A United States District Court judge has fined a former Los Angeles mutual fund manager $1 million in restitution, interest and penalties for misrepresenting the value of two worthless funds as $138 million, combined, to two brokerage firms in order to obtain margin loans.
Michael Carnicle, now of Las Vegas, Nev., must repay $443,323 plus interest for "ill-gotten gains," U.S. District Court of Utah judge Tena Campbell ruled Sept. 20 in a case brought by the Securities and Exchange Commission. The judge also fined Carnicle $443,323 in civil penalties. With interest, Carnicle owes the court more than $1 million.
In addition, the court fined Carnicle's co-conspirators, Randy Glad and Howard Ray, civil penalties of $20,000 each for assisting Carnicle in exchanging fund shares to acquire non-existent stock allegedly valued at $17.8 million in a shell, or assetless, company that Ray claimed to own, Judge Campbell ruled. The SEC also charged that Carnicle exchanged fund shares for worthless pre-World War II German bonds that had a face value of $28 million. The judge did not rule on this point.
Carnicle, Glad and Ray made these exchanges to make it appear as if the two funds, Public Funding Portfolios and American Vision Funds, were worth $40 million and $98 million, respectively, and in order to fraudulently obtain $443,323 in margin loans from Kidder Peabody of New York and Covey & Co. of Salt Lake City, Utah, said Karen Matteson, an attorney with the SEC who led the investigation.
Although Carnicle swindled these two brokerage firms, both of which are now defunct, he never offered shares in the funds to the public, Matteson said. Instead, Carnicle inflated the value of the two funds in hopes of attracting large amounts of building union pension money to the funds through a connection that his father, Francis Carnicle, had with the union, Matteson said.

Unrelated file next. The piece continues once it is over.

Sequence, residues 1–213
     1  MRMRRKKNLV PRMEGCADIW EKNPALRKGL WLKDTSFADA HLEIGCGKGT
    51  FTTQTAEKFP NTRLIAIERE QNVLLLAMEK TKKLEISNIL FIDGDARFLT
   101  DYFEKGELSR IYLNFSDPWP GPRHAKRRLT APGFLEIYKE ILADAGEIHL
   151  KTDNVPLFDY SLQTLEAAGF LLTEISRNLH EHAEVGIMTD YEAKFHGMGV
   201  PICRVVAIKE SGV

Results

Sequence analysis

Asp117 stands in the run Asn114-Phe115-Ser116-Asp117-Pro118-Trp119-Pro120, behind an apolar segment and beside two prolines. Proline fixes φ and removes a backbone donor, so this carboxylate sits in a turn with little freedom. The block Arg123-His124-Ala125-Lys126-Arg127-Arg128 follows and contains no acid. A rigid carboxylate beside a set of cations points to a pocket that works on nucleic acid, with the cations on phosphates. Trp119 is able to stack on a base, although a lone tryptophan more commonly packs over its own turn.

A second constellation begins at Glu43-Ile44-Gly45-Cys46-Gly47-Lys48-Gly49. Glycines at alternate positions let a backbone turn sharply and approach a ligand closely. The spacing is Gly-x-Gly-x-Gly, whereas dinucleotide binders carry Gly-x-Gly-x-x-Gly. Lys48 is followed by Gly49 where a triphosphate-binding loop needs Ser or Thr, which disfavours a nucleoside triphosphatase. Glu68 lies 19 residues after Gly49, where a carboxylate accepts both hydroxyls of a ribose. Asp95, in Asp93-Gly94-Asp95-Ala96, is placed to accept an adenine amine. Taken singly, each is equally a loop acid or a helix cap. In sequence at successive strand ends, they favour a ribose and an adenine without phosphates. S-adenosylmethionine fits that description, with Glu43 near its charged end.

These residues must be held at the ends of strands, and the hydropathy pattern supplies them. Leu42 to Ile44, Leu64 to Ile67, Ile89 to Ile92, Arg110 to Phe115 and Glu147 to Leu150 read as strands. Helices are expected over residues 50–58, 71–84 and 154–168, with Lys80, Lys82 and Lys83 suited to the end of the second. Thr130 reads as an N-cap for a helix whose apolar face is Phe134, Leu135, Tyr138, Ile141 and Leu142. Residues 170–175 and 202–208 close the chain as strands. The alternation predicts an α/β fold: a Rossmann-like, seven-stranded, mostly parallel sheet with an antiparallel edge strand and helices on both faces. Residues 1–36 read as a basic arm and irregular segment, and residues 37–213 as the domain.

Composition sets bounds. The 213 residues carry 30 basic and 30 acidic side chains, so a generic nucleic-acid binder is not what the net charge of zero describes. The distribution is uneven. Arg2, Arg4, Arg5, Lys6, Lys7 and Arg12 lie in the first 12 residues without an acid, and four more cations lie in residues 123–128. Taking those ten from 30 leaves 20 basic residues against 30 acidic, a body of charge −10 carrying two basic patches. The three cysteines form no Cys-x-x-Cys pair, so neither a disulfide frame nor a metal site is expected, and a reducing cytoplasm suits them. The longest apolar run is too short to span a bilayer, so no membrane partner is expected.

Carnicle registered his two funds in 1991 but the SEC closed them in 1992 under court order after Verland Thayne Whipple II, who Carnicle had named as the fund's president in SEC filings, informed the commission he had no association with the funds and that Carnicle, in fact, was in charge, Matteson said.
It then took another three years for the SEC to file its case against Carnicle because "this was a very complicated fraudulent scheme that showed a great deal of planning and a high level of intent," said Matteson. "In addition, Carnicle was uncooperative in providing discovery papers," she said.
Besides failing to disclose his own identity as manager of the two funds in registration statements, Carnicle falsely cited individuals and entities as the funds' general counsel, administrator and custodian, the judge ruled. Carnicle deliberately did this to distance himself from the funds "to orchestrate the fraudulent scheme," the court ruled.
The registration statements for Carnicle's two funds also falsely stated that exchange transactions "would only be conducted under limited circumstances," Judge Campbell ruled. The registration statements also falsely said that only ten percent of the funds' assets would be invested in illiquid securities, the judge ruled.
Carnicle further stole $16,000 of $20,000 of the fund's assets purportedly paid to an attorney for legal services, the judge ruled.
Carnicle could not be reached for comment since he is unlisted in the Las Vegas, Nev. phone directory. James Holbrook, an attorney with Callister Nebeker & McCullough of Salt Lake City, Utah, who is listed in the court ruling as Carnicle's attorney, said he represented Carnicle years ago and had no knowledge of the current status of the case.
The SEC does not know where Glad or Ray are but suspects they may be in Europe, Matteson said.